Nature strips, parks and roadsides

Nature strips

Nature strips provide a buffer between residential dwellings and the road. They are also required for delivery of essential services such as water, electricity and gas. 

Council does not have a program for mowing nature strip grass outside private property. Further information regarding maintenance of nature strips can be found in our Nature Strips & Roadside Guidelines.

Want to make some changes to your nature strip? Find information on what you can do on our Nature Strip and Roadside Guideline Summary

Planting guidelines for nature strips and roadsides

View our roadside and nature strip planting guidelines online.

Indigenous plants are preferred for nature strips and roadside reserves.

Environmental weeds should not be planted. View a list of environmental weeds(PDF, 7MB).

View more information about our Roadside Weeds & Pest Control Plan.(PDF, 556KB)

Amenity mowing of roadsides

We often mow roadsides at intersections and high traffic areas to improve the safety of our roads and footpaths. We also mow some roadsides around towns, shopping areas and tourist destinations.

Our mowing program runs according to a schedule, however the timing of the mowing is often determined by weather and ground conditions. Particularly wet seasons can result in delays to the mowing program, while we wait for the ground to dry out enough to hold our machinery.

We understand that delays to the program require additional understanding from residents, and our teams will always work to return the program to schedule as quickly as possible.

While Council is responsible for many of the roadsides across the Yarra Ranges, some other authorities also manage fuel reduction works across the municipality, including the Department of Transport (formerly VicRoads), the Department of Environment, Land, Water & Planning (DELWP) and Melbourne Water.  

Annual Fire Slash Program

Council’s annual program to reduce potential fuel for bushfires includes mowing of grass in reserves and roadsides between October and January each year. Residents will see an increase in mowing in the lead-up to, and throughout, the fire season.

The Fire Slash Program is our way of getting ready, where we’ll be working to remove vegetation and grass that could become fuel in a grass or bush fire in our reserves and roadsides. This will mean that, should the worst happen and a fire breaks out in the Yarra Ranges, there will be less fuel on public land that could cause a fire to spread.

For further information regarding the Annual Fire Slash Program, including a list of reserves and roadsides included in the program, please see the preparing for fire season guide.

Amenity mowing of parks

We mow a large number of parks and reserves across the municipality, with mowing frequency dependent on usage of the reserve. All our parks and reserves have been allocated a level of service category, according to the number of amenities in place (playgrounds, paths, seating etc.), and the number of people who use the reserve.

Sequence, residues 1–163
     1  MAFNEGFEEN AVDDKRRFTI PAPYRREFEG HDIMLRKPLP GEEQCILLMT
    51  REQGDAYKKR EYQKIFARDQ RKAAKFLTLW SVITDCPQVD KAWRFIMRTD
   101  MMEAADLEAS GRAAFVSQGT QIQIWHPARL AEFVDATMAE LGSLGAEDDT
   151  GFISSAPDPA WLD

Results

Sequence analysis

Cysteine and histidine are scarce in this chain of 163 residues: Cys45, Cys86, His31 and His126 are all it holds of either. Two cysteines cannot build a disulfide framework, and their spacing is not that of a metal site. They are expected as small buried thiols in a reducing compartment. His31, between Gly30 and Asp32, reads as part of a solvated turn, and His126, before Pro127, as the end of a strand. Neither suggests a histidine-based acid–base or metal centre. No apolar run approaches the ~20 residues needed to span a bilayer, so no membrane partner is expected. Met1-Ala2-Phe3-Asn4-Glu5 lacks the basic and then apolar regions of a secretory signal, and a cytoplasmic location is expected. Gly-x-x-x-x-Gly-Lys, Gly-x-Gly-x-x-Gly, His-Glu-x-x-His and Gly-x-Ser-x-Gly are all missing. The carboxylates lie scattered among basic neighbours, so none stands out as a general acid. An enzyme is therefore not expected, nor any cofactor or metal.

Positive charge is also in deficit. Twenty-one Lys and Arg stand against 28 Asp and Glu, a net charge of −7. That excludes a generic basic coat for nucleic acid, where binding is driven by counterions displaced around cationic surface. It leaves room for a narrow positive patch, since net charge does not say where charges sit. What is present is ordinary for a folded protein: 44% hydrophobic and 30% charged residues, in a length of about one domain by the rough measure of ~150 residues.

Some of the service categories are:

  • Sport park mowing: regularly programmed mowing to support community use of sports fields.
  • Social recreation park mowing: regularly programmed mowing to encourage play, social interaction and relaxation.
  • Linear park mowing: regularly programmed mowing to link green spaces and support opportunities for walking and riding.
  • Landscape reserve mowing: less frequently programmed mowing to allow pedestrian access.
  • Conservation reserve mowing: Council is required under legislation to protect significant native vegetation, including some grasses. Conservation zones are mowed or slashed approximately twice per year (during spring and late summer), to allow seed drop of native grass species for conservation, and to reduce the spread of exotic (or weedy) grasses.  

Our mowing program runs according to a schedule, however the timing of the mowing is often determined by weather and ground conditions. Particularly wet seasons can result in delays to the mowing program, while we wait for the ground to dry out enough to hold our machinery.

We understand that delays to the program require additional understanding from residents, and our teams will always work to return the program to schedule as quickly as possible.

While Council is responsible for many of the parks and reserves across the Yarra Ranges, some other authorities also manage fuel reduction works across the municipality, including the Department of Transport (formerly VicRoads), the Department of Environment, Land, Water & Planning (DELWP) and Melbourne Water.